Motor vehicle crashes are the leading cause of death among American teenagers. In Tennessee, 15 percent of 16 and 17-year-old drivers who are involved in motor vehicle accidents end up dying from their injuries. This fatality rate is the 12th highest in the nation.
There are a number of factors that lead to Tennessee’s high rate of teen driving deaths, including dangerous country roads and a relatively low number of trauma centers. However, the biggest risk comes from teens’ own behavior.
Tennessee has laws in place that are designed to protect teens against the risks that come along with being an inexperienced driver. Chief among them is a restriction on how many passengers teen drivers are allowed to transport.
Unfortunately, many teens choose not to follow this law, often with disastrous consequences. Dr. Tom Abramo, the chief pediatric emergency physician at Monroe Carrell Jr. Children’s Hospital at Vanderbilt recently told The Tennessean that most of the accidents he sees involve a number of teens riding in the same vehicle. He said it’s rare to see serious accidents involving teens who are driving alone.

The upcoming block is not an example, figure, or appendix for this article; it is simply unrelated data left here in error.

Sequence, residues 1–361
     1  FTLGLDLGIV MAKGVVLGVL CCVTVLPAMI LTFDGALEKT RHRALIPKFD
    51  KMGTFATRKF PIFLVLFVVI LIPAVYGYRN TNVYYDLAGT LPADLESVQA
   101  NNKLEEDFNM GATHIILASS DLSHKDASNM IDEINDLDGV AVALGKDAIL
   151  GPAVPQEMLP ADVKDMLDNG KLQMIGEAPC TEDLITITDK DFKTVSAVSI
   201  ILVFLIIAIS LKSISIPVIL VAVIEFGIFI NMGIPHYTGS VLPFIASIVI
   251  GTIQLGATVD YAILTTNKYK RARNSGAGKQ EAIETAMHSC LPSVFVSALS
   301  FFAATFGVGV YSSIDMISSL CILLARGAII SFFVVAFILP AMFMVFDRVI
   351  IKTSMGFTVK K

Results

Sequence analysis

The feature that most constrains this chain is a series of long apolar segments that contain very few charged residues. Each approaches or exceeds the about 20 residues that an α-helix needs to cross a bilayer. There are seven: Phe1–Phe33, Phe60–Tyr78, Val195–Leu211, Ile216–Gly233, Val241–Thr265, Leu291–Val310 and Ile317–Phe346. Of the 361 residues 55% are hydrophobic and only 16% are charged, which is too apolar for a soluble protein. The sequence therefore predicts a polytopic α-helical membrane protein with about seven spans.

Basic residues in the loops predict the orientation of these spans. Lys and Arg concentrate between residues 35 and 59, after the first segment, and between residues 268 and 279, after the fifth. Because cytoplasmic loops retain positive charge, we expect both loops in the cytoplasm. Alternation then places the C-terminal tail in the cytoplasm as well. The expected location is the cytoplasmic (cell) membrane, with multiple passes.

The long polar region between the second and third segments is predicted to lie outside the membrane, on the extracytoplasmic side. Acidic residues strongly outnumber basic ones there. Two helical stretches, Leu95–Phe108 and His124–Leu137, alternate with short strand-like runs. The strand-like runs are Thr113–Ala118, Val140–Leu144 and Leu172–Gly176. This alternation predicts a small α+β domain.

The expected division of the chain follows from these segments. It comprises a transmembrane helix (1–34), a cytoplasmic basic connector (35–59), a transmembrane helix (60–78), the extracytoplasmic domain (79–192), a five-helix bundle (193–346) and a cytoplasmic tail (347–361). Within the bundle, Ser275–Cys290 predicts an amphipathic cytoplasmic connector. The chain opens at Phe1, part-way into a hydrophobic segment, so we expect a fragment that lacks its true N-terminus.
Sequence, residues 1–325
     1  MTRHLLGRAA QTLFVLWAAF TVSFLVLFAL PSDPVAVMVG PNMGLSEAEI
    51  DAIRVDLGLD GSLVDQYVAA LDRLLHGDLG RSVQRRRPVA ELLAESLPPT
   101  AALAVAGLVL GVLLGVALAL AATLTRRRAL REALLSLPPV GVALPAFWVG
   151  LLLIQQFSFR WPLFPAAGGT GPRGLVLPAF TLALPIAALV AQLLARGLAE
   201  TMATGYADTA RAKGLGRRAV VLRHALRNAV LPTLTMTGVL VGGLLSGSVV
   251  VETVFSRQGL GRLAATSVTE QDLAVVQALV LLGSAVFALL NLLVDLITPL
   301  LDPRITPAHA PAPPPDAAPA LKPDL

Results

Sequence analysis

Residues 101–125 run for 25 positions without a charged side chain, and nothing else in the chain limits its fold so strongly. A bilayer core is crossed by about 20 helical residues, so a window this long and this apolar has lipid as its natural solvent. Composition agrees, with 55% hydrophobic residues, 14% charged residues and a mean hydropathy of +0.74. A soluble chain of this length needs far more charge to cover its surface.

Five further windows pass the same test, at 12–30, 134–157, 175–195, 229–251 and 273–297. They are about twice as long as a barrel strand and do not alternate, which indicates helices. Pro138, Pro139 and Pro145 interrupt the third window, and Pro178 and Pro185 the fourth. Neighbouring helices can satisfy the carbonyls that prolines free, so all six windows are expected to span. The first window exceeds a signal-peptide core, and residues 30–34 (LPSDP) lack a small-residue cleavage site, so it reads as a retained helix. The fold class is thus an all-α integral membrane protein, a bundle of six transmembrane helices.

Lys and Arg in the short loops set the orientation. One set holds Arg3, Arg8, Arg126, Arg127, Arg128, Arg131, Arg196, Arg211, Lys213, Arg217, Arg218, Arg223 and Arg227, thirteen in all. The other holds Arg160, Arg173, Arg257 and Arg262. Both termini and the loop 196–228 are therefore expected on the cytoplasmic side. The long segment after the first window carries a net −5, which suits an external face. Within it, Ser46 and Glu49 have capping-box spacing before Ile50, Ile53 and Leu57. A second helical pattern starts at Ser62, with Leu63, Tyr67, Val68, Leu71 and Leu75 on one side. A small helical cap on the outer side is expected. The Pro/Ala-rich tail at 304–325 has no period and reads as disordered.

Teens who travel in large groups are at a higher risk for dangerous driving behaviors including distracted driving, drunk driving, not wearing seatbelts and speeding.
Preventing Teen Driving Deaths
If teens are going to become safer drivers, they need to understand the dangers that come along with engaging in risky behavior. All the laws in the world won’t make a difference unless teens choose to follow them.
For example, even though seat belts are mandatory, nearly half of all teen accident victims weren’t wearing them.
A number of organizations, including the Vanderbilt children’s hospital and the U.S. Centers for Disease Control and Prevention, are waging campaigns to educate teens about the potential consequences of risky driving behaviors. However, the best education always starts at home. If you have a teen driver in your house, make sure they understand what is allowed and what is not.
Source: The Tennessean, “TN’s Teen Drivers Pay Price for Inexperience,” Tom Wilemon, April 24, 2012.